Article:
At first, it seemed like a match made in heaven.
Now that heavenly alliance of two of the nation’s leading legacy airlines, Alaska and Delta, crafted nine years ago as a symbiotic partnership, appears troubled as each airline fights for market share at Seattle-Tacoma International Airport.
The partners, SeaTac’s Alaska Airlines, a relatively small but consistently profitable legacy carrier with its major hub at Sea-Tac, and Delta Air Lines, the nation’s second-largest carrier based in Atlanta, are now in an undeclared war at Sea-Tac.
It wasn’t always that way because the initial logic of their partnership was compelling.
As the partnership first unfolded, Delta provided the flights from its big hubs in Atlanta, Minneapolis and Salt Lake City to feed Delta’s growing repertoire of overseas flights from Sea-Tac, and to connect Puget Sound residents to its wider network. Alaska flew Delta passengers to and from the Sea-Tac airline’s network of cities to connect with Delta’s flights.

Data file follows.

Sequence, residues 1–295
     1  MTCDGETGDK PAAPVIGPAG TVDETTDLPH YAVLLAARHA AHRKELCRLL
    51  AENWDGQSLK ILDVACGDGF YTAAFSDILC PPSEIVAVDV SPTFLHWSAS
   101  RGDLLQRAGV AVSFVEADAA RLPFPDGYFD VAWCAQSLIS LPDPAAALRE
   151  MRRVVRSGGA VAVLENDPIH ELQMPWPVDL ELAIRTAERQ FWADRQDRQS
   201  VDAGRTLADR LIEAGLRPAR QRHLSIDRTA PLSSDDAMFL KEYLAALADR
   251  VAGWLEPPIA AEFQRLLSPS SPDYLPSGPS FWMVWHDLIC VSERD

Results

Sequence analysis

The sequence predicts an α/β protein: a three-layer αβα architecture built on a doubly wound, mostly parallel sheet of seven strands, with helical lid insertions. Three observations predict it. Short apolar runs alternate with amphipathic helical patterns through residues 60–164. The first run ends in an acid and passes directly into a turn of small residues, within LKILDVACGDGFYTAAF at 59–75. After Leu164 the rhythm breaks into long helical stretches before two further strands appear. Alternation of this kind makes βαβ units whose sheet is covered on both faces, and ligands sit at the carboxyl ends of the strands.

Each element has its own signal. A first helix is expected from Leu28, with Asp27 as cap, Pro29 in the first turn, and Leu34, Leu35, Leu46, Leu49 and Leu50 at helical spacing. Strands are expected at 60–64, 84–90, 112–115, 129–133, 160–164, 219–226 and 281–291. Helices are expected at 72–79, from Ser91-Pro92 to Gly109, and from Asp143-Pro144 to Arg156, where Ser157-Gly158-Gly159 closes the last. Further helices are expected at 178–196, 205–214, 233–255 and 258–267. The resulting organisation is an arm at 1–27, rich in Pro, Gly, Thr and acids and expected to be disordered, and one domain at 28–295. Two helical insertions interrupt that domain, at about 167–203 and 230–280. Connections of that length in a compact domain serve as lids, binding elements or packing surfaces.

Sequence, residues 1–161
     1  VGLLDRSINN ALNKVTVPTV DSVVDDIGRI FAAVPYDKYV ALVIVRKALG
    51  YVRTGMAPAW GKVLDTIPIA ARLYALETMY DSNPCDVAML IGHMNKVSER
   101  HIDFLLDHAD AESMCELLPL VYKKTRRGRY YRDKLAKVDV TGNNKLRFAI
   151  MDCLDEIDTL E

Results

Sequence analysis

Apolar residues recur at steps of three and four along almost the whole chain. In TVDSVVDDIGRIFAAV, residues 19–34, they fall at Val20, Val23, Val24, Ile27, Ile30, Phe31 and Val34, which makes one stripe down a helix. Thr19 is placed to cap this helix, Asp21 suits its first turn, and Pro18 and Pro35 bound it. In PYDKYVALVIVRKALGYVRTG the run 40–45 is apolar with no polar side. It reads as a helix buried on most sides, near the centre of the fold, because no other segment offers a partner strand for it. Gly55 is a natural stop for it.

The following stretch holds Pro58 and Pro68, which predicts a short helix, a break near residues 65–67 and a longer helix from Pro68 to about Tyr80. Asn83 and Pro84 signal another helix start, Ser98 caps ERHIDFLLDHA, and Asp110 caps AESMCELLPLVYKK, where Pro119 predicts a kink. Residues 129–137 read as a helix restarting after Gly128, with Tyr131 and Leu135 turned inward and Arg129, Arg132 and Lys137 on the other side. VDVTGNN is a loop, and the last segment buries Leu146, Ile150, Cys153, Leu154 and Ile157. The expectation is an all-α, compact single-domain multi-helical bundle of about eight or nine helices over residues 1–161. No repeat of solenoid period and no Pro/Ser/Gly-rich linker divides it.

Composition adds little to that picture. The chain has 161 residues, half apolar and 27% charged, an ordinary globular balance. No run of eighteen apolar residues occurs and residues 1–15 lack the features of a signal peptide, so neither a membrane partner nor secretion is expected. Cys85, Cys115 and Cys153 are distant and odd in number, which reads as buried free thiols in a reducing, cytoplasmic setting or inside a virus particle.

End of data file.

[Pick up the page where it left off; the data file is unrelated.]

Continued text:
There was little overlap between Alaska and Delta routes. Alaska didn’t fly to Asia or Europe from Sea-Tac or to any of Delta’s hub cities, and Delta didn’t connect any of Alaska’s core cities to Sea-Tac.
The two airlines labeled some of each other’s flights from Sea-Tac as their own in a code-sharing arrangement and their frequent fliers earned miles for flying the other airline’s flights.
Such a strategic alliance gave Alaska near-seamless access to Delta’s worldwide network, and Delta enjoyed a large presence in one of the country’s fastest-growing airline markets.
But in the course of recent years and particularly in recent months, that relationship is being transformed into a rivalry.
Alaska now connects Sea-Tac with Delta hub cities in Salt Lake City, Minneapolis and Atlanta. The local airline has fielded a whole new schedule of flights from Sea-Tac and the West Coast to Hawaii, a market in which Delta was a major player.
As Delta has crafted a larger schedule of international flights from Sea-Tac, the big carrier has invaded some of Alaska’s prime markets.
Delta has begun flying from Los Angeles, Anchorage and Las Vegas to Sea-Tac. And it has announced a new schedule of flights from San Francisco, San Diego and Portland to the Emerald City.